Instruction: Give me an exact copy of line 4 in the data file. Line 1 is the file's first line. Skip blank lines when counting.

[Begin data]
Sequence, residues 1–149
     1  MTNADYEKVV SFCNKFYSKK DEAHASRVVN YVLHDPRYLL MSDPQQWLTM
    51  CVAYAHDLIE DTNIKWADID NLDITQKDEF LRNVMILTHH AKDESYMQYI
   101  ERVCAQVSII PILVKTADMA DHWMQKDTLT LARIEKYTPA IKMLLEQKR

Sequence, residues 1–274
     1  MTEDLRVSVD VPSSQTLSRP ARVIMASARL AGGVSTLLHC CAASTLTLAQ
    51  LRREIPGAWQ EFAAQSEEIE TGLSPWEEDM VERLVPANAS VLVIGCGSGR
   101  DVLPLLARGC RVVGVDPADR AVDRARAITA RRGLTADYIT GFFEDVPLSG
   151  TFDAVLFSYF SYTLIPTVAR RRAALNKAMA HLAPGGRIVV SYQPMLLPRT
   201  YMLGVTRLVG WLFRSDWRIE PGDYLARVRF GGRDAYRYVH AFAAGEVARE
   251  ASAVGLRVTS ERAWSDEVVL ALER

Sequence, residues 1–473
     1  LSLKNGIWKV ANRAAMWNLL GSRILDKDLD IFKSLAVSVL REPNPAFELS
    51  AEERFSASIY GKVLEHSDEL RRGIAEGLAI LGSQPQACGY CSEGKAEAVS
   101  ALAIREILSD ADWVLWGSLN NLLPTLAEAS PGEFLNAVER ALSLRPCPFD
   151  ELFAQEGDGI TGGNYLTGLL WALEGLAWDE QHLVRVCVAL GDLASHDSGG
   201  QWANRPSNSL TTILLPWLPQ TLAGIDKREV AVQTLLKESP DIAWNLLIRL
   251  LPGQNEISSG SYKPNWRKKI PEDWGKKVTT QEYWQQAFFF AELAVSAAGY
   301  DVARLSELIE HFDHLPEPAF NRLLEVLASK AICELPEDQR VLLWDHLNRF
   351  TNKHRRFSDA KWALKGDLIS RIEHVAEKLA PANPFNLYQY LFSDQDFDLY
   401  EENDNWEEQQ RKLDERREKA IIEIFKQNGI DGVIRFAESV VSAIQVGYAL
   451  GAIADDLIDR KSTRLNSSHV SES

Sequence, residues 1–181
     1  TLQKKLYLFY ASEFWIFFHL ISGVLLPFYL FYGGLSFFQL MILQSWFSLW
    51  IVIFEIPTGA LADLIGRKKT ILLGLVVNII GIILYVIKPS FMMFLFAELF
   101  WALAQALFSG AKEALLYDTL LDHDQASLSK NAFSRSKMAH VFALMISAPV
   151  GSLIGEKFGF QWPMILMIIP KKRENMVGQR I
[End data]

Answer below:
   101  ERVCAQVSII PILVKTADMA DHWMQKDTLT LARIEKYTPA IKMLLEQKR